Regulation Policy & Welfare

An Open Letter to American Blacks

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The prospects for freedom in America may very well lie with you. For you have been most damaged by the welfare-state, planned-economy way of life. I wish to share some of my perspectives with you in the hopes that you will help lead our nation to break free of this enslaving ... [click for more]

The Legacy of Leonard E. Read

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Few people have had a bigger impact on my life than Leonard E. Read, the founder of The Foundation for Economic Education in Irvington, New York. I shall never forget the day I discovered a set of books entitled Essays on Liberty which were published by FEE long ago and which included many essays by Read. My life has ... [click for more]

The Farm Program Fiasco

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All government programs are sacred cows. Once taxpayers fund anything, a vocal constituency develops to assert that the nation could not survive another day without the program. This is one reason why the 1990 deficit-reduction package did not cut one program or one bureaucrat or even one penny from total federal spending. [click for more]

Something Must Be Done!

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During hard times there are few phrases as frequently heard as, "Something must be done!" And what is usually meant by the phrase is that governmental action is needed to cure the economic woes of society. In other words, government spending should be increased to raise the demand for goods and ... [click for more]

The Preservation of the Bureaucracy

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Two hundred years ago, our American ancestors instituted the most unusual political system in history. The Constitution called into existence a government whose powers, for the first time ever, were extremely limited. Thus, unlike other people throughout history, Americans lived without such things as income taxation, welfare, licensure, immigration ... [click for more]

The Sanctity of Private Property, Part 2

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Part 1 | Part 2 The last thing which Americans of today wish to face is that they have abandoned the principles of private property on which the United States was founded. In last August's Freedom Daily, I pointed to two examples of where the American people have permitted their public officials to assume absolute and total control ... [click for more]

Yes, Virginia, There Is No Santa Claus

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One of Karl Marx's most effective and influential methods of argumentation was to use language and mental imagery which were descriptive of an earlier stage of human history and then apply them to the emerging market-oriented society in which he lived. For example, the politically enforced caste systems of the old days became, for him, the "class struggle" of capitalism; ... [click for more]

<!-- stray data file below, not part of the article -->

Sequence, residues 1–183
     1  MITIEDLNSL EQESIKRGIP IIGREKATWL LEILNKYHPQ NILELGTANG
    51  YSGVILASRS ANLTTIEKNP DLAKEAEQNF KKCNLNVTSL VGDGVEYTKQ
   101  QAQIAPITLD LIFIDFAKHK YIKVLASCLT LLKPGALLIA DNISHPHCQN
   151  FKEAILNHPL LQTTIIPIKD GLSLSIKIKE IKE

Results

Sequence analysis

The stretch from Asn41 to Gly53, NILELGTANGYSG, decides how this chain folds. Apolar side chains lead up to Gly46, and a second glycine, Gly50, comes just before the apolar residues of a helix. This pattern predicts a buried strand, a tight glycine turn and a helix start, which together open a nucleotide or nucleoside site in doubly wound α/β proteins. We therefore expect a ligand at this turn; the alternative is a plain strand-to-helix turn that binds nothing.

The Impossibility of Socialism

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In May 1988, the Soviet newspaper Pravda ran an article which summarized the condition of the Soviet socialist economy: "Not one of the 170 essential sectors has fulfilled the objectives of the Plan a single time over the last 20 years ... this has brought about a chain reaction of hardship and imbalance which has led to 'planned ... [click for more]

Sinking in a Sea of Buts

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There were five of us at a predinner get-together, one an Austrian. These friends were each as near purists in the freedom philosophy as one ever comes upon — which is the only reason for mentioning one man's dissent. His dissent seemed insignificant, but it's the minor deviations and inconsistencies of the philosophical elite — ... [click for more]

The Sanctity of Private Property, Part 1

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Part 1 | Part 2 No myth is more pervasive among the people of the United States than that which claims that the American economic system is based on the sanctity of private property. The American people have been taught since the first grade in their government schools that America is the bastion of private property while the Soviet ... [click for more]

The Heritage of Economic Liberty

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For the Founding Fathers, economic liberty was inseparable from the case for political freedom. Many of the grievances enumerated in the Declaration of Independence concern British infringements on the free movement of goods and men between the thirteen colonies and the rest of the world. It was not a coincidence that ... [click for more]

The United States and the Roman Empire

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Nearly four decades before the birth of Christ, the Roman orator Cicero offered this sound advice: "The budget should be balanced, public debt should be reduced, the treasury should be rebuilt, the arrogance of officialdom should be tempered and controlled, and assistance to foreign hands should be curtailed, lest ... [click for more]
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